Matt’s Thoughts: I think Aufwader has said almost everything I could possibly say about this chapter. The only thing I would add is that the other Jupiter / Lord Hobb similarity is the little moment where Ysabelle calls Hobb the ‘father of lies’, which is another old King James Version description of Satan that Mr Jarvis cleverly throws in for those who are watching.

Also, I would add that I was one of those readers who got a little bit of satisfaction when I read about Fenny looking for a meadow and Griselda heading off for the Deep Ford and knowing where all that will lead.

And, of course, the Shakespearean tragedy of the epilogue is so true. It’s the fact that the Vesper’s death was unnecessary and avoidable that makes it all so bad. Like, couldn’t Ysabelle have thought about it a little faster, couldn’t Othello have had a chat with Desdemona, couldn’t the Montagues and Capulets have done some conflict resolution work a bit earlier in the piece? And the answer always, is a resounding and fatalistic NO. (In Hobb capitals.)

Anyway, there we have it: The Oaken Throne. I feel like using the word ‘pastiche’ about this one, because are so many nods to other familiar stories: WWII air raids, Tolkienesque quests, the Bard himself. But at the same time, it has all the unique darkness and drive of the other Jarvis novels as well.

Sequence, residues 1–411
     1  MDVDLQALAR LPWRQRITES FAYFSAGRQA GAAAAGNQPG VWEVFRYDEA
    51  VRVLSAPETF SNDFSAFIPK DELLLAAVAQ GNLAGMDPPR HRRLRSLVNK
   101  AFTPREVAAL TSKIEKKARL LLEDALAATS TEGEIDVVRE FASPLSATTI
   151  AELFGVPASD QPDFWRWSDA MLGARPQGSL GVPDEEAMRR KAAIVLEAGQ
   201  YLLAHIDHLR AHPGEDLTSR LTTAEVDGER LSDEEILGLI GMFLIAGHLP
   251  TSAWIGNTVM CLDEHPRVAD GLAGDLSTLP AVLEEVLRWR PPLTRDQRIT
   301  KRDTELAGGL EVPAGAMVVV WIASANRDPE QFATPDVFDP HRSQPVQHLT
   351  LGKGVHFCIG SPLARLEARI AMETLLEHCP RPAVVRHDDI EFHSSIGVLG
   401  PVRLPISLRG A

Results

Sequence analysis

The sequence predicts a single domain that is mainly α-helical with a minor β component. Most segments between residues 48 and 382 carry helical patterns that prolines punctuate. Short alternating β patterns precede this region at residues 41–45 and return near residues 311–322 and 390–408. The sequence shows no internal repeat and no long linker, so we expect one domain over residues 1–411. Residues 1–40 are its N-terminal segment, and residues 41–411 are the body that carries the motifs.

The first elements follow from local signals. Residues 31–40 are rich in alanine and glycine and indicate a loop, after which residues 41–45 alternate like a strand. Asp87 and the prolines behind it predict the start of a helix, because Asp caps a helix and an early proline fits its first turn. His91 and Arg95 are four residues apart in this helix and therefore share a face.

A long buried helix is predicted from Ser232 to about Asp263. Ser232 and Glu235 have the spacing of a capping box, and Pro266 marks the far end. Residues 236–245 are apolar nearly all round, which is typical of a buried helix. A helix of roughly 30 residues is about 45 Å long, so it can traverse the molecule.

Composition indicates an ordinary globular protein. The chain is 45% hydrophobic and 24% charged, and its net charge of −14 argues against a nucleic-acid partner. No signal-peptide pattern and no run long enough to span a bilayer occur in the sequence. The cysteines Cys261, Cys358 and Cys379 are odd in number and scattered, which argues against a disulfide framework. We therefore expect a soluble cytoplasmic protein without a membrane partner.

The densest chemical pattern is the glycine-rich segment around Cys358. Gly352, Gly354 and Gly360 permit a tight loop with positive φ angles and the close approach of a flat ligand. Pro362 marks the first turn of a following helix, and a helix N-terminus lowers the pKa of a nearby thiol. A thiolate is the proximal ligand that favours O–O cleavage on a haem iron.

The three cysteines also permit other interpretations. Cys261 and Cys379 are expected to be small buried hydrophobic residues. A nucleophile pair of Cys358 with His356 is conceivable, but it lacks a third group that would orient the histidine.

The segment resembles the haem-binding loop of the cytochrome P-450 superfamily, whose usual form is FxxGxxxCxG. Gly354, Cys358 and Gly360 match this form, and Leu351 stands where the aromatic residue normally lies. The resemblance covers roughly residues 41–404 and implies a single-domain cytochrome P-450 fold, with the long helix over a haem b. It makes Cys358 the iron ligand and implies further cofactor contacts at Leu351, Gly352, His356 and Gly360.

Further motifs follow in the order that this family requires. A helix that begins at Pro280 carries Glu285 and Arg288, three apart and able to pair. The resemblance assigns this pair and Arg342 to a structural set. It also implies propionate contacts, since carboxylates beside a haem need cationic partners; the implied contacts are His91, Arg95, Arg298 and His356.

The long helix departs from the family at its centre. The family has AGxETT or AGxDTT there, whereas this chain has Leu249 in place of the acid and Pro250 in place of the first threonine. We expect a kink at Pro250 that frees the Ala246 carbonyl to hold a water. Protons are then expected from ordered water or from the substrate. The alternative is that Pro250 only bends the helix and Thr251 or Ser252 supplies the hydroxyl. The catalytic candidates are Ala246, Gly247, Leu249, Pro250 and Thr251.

And what’s especially amazing is that while all this medieval squirrel and bat action was taking place, there was another final Whitby book brewing as well, which we’ll jump into next month! See you then.

2 thoughts on “The Oaken Throne | Chapter 14 & Epilogue

  1. I must say, I never could understand how Vesper rescued Ysabelle from the toad chamber beneath the oak. He says he heard her cries, but you have to remember that not only was she deep beneath the ground in a secret place (presumably far out of earshot), but there was a noisy battle going on where he was, full of screams, the clashing of sword against gauntlet, and the explosions of fire eggs. Then in the nick of time he manages to gain entry to the oak, traverse long-forgotten passageways that Morwenna herself (who knew them better than anyone) would often lose her way in, and rescue Ysabelle. As much as I love this book, that part always struck me as unbelievable – a deus ex machina. I’m glad of course that she was saved, but realistically, Ysabelle should have been toad chow. 😛